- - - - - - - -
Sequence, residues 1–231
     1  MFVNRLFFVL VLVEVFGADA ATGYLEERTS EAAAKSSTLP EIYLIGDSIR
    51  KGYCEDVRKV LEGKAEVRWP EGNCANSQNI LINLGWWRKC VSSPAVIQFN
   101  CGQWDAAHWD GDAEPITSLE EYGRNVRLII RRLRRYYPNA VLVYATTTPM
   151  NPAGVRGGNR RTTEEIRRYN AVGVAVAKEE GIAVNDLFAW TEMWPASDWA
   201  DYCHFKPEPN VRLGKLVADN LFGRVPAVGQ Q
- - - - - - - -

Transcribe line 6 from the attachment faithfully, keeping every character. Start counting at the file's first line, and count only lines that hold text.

   201  DYCHFKPEPN VRLGKLVADN LFGRVPAVGQ Q